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"Remarkable Reads: 2 novels and a Jesus story" by Sarah Reinhard (CatholicMom.com) Copyright 2018 Sarah Reinhard. All rights reserved.[/caption] It's always a joy to read wonderful books, and even more so when I know I can share them with others. All three of these books are remarkable and wonderful reads: Enjoy!

Jesus: The Story You Thought You Knew

by Deacon Keith Strohm (Our Sunday Visitor, 2017) A fellow editor had mentioned that this was a good read, so I bumped it up in my reading. Boy, am I glad I did! Turns out, this was just the book I needed at just the time I read it! Strohm begins by laying it all out there: "This is not a book on theology." Instead, what he's crafted is a journey, a getting-to-know-you sort of book, minus any of the sentimentalism that such a description implies. I found myself highlighting and bracketing, rereading sections and enjoying what I had thought I already knew. Each chapter explores one facet of Jesus and what Strohm has dubbed "The Great Story." He unpacks it, and then he gives you assignments: scripture selections that highlight the chapter's theme and reflection questions. There are also questions that would be perfect for journaling or small group discussion. This isn't "Catholic lite" reading, but is instead a dive into Jesus as a person, as the person. We meet him every week, we interact with him every day, we know him ... or do we?

Dying for Compassion

By Barbara Golder (Full Quiver Publishing, 2017) If you read the first of Golder's novels, Dying for Revenge, then you already know that this is a must-read. If you haven't, well, let me introduce you to suspense with a dose of humor and insanity that feels a little too close to possible. Golder has created characters who ring true, and her bad guys are just not-bad enough to make you look over your shoulder. While it's full of suspense, there's nothing inappropriate for sensitive readers: Yes, people die. Yes, there is bad stuff going on. It's not, however, beyond the line of decency for readers. Golder knows just how to paint her pictures so that you see what's going on without her having to spell it out. There's a lot of clever in this novel, but not so much that you feel duped as a reader. Excellent reading, and the sort of thing that makes me want to write notes to the author, demanding more!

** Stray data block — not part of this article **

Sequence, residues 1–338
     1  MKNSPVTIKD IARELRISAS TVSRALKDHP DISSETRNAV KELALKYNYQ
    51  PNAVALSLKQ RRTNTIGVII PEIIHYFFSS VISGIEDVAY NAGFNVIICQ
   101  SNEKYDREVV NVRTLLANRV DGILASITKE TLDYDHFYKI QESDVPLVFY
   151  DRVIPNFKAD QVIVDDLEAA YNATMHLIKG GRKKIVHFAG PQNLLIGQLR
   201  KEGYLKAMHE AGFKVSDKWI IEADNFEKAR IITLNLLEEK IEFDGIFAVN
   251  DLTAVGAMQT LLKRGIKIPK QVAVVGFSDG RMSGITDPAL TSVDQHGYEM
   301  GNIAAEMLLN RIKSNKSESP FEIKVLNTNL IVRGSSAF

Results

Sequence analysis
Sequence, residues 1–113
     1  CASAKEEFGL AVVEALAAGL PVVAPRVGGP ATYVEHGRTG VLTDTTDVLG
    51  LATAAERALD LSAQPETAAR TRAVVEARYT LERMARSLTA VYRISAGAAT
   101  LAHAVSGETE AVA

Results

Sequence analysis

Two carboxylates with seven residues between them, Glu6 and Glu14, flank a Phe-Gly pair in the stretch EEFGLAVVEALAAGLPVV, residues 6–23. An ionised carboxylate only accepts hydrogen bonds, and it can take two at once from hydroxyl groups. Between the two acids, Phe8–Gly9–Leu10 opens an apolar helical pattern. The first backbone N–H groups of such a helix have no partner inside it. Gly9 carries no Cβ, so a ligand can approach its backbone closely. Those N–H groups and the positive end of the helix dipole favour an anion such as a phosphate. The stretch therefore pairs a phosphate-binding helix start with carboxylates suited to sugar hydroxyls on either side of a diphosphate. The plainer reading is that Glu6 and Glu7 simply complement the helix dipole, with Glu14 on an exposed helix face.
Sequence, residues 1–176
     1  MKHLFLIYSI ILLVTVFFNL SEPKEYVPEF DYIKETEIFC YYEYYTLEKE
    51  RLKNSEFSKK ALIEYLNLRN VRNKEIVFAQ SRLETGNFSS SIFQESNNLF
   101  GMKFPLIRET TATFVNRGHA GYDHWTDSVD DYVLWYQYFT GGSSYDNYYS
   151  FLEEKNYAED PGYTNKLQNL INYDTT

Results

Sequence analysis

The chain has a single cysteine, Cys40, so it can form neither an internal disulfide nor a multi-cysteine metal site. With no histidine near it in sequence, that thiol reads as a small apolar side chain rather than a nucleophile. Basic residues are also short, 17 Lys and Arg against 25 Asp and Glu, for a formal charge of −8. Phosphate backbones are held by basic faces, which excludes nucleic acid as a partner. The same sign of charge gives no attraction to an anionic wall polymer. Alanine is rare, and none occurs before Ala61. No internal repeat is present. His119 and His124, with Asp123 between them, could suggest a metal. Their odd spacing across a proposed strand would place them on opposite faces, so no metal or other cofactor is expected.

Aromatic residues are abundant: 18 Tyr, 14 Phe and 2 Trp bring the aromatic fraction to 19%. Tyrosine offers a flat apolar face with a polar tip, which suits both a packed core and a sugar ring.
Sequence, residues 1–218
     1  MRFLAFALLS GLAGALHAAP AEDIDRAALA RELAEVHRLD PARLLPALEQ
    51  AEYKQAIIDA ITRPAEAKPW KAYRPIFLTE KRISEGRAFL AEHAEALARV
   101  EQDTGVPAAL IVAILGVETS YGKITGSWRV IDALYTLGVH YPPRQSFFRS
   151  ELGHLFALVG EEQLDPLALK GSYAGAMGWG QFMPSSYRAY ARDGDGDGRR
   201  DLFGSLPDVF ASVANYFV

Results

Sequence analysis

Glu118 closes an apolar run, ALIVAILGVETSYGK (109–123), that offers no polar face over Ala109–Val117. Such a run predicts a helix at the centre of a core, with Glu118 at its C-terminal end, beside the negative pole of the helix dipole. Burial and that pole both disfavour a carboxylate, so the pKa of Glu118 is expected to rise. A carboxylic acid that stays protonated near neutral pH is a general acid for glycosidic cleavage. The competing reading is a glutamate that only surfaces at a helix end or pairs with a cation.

Looking for the King

By David C. Downing (Ignatius Press, 2010) I picked this up many moons ago at our local Catholic bookstore, then secured it away on a shelf and quickly forgot about it. Every so often, I would catch a glimpse of it and think, "I should read that." So here I am, having read it. It's historical fiction, and highly entertaining. There's a touch of suspense and a bit of mystery, and it's better for it. At times, I found the main character's atheism/agnosticism tiresome, but thankfully, he's offset by a young lady who is no-nonsense and full of verve. There's a glimpse of the Inklings, that writing group that included C.S. Lewis, J.R.R. Tolkien, and a few others. There's also a bit of a tour of England that I couldn't help but enjoy. Visit our Book Notes archive.
Copyright 2018 Sarah Reinhard This article contains Amazon affiliate links; your purchases through these links benefit the author.